utterance pretends to be borrowing an attitude which is not their own. The ironic
speaker is pretending to be someone else and ridicules the opinion and the person it
is attributed to.
1.2. Definitions of irony
Muecke (1969:5-6) in his book The Compass of Irony, one of standard works in
literary study of irony, states that ―the art of irony is the art of saying something
without really saying it. It is an art that gets its effect from below the surface, and
gives it a quality that resembles the depth and resonance of great art triumphantly
saying much more than it seems to be saying‖. Irony is considered as "ways of
speaking, writing, acting, behaving, painting, etc., in which the real or intended
meaning presented or evoked is intentionally quite other than, and incompatible
with, the ostensible or pretended meaning‖ (Muecke, 1969:53). It is a technique of
using words to convey a meaning that is the opposite of its literal meaning
6


or situation where the meaning is contradicted by the appearance or presentation of
the idea.
Thompson (1948:10) describes irony as ―a discrepancy or incongruity between
expression and meaning, appearance and reality, or expectation and event. Irony is
an opposition between the surface meaning of something that is said and the underlying
meaning, between expectations for a situation and what actually occurs, what readers
knows more about circumstances or future events in the story and what the
characters know or believe within it. In order to meet the aims of the study, this
investigation uses the traditional definition of irony suggested by Muecke (1969)
and Thompson (1948).
1.3. Classification of irony
Muecke (1969:40-42) assures that there are four basic types of irony, namely
verbal, situational, romantic, and dramatic ironies. Due to Muecke not detailing
these types of irony, their definitions introduced by Abrams (1999) and
Ellestrom (2002) are applied.
1.3.1. Verbal irony
Verbal irony is defined as a sharp opposition between what is said or written and
what is meant. The intended meaning of a statement differs from the meaning that the
words appear to express. Abrams (1999: 135) defines verbal irony as ―a statement in
which the meaning that a speaker implies differs sharply from the meaning that is
ostensibly expressed‖. The term was coined by Thirlwall (1833), who describes it
as ―a figure which enables the speaker to convey his meaning with greater force by
means of a contrast between his thought and his expression, or, to speak more
accurately, between the thought which he evidently designs to express, and that which
his words properly signify‖ cited by Ellestrom (2002:50).
Verbal irony is quite common in literature works. It can be found in all genres,
including novels, short stories, plays, and poems. An illustrative example of a
verbal irony in Romeo and Juliet by Shakespeare is what happened to Juliet‟s
marriage. Juliet is upset at being told that her father has promised her hand in
7


marriage to Paris rather than Romeo, who she loves. She fully makes up her mind to
be married to Romeo, so she ironically states to her mother ―I will not marry yet;
and, when I do, I swear it will be Romeo, whom you know I hate, rather than Paris.‖
Verbal irony is mainly the intentional product of speakers. Speakers say what is
intentionally contradictory to their actions and emotions (Ellestrom, 2002:50). Two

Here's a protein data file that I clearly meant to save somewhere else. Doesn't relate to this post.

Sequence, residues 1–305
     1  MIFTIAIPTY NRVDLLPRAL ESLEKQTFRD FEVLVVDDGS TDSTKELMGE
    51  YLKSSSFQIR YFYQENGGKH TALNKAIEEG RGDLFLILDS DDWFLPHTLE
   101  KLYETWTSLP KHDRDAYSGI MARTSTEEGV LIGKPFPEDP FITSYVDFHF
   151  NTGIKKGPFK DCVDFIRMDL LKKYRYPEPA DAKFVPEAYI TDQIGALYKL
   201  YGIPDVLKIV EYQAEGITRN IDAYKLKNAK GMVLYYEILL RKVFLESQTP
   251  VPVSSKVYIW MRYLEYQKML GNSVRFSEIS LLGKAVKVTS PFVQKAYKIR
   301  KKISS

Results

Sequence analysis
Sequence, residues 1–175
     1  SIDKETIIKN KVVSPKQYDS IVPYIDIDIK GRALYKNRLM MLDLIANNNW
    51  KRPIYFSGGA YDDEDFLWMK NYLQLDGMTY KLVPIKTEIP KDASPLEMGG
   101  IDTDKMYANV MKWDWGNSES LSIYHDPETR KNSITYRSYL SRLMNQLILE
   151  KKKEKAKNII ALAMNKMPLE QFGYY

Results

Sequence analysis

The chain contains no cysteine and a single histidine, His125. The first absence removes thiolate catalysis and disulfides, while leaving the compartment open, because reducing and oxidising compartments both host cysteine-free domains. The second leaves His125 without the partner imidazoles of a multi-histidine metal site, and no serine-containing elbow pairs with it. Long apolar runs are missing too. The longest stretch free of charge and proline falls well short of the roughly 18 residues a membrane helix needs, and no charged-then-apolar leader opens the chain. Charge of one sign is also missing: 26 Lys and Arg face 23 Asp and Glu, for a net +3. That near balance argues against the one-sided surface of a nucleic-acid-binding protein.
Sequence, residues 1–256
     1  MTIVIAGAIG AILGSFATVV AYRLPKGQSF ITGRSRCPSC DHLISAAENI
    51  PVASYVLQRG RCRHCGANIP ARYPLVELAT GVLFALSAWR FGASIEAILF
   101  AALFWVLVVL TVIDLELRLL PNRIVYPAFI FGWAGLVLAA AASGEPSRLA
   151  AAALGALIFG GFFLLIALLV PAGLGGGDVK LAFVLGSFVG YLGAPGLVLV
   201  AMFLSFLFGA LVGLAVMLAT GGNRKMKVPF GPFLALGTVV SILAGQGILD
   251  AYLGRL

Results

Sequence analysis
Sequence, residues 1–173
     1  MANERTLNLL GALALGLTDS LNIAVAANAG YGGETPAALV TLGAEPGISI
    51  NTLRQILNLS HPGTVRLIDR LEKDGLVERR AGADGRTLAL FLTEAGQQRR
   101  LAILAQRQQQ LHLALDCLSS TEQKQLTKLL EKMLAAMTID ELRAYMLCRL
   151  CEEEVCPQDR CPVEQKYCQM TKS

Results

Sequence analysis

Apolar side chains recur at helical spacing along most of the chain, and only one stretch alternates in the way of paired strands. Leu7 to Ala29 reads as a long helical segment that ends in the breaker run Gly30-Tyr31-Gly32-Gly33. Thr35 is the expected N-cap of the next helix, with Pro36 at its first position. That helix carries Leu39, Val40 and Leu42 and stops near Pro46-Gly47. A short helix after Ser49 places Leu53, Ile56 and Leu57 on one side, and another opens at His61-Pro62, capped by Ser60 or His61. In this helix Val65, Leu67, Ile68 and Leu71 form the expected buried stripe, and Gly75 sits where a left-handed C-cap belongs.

conditions must be met for a successful communication of verbal irony: the speaker
must intentionally produce the ironic statement to the listener; the speaker and the
listener must share common factual background information with each other. Only
if the hearer knows the circumstances (for example, the speaker and the hearer are
standing in the rain together and they shares mutal understanding of the need for
good weather), it is possible for a comment: ―What lovely weather!‖ to be
recognized as ironic. If the speaker has no opposite intention and the listener knows
nothing about the background information, the verbal irony may fail. In fiction,
―verbal irony depends on knowledge of fictional speaker‘s ironic intention, which is
shared both the speaker and the reader‖ (Abrams & Harpham, 2009: 166).
Kreuz & Roberts (1993: 99) consider sarcasm as a subtype of verbal irony, where
―the attitude expressed is typically negative and directed toward an individual or a
group‖. Sarcasm is an overtly aggressive type of irony, with clearer markers and a
clear target. In most cases, sarcasm is used to insult or to hurt the other participant
of a given communicative event, while irony is used to convey, usually, the
opposite meaning of the actual things you say, but its purpose is not intended to hurt
the other person. For example, if a speaker says, ―You are really brilliant!‖ to
someone who has done a thoughtless act, the utterances is sarcastic. In contrast, if a
speaker claims, ―They tell me you‘re a slow runner.‖ to someone who has just won
a marathon race, the utterance is ironic.
1.3.2. Situational irony
Situational irony, sometimes called irony of events, is most broadly defined as ―a
situation where the outcome is incongruous with what was expected, but it is also
more generally understood as a situation that includes contradictions or sharp
8


contrasts‖ (Ellestrom, 2002:51). A situation is considered situational irony when
what happens is opposite to what was naturally expected to occur in that particular
context or environment. Verbal irony typically involves a conflict between an
expression and a situation, whereas situational irony involves the irony in the
situation itself (Colston, 1997:44). Thus, unlike verbal irony, situational irony is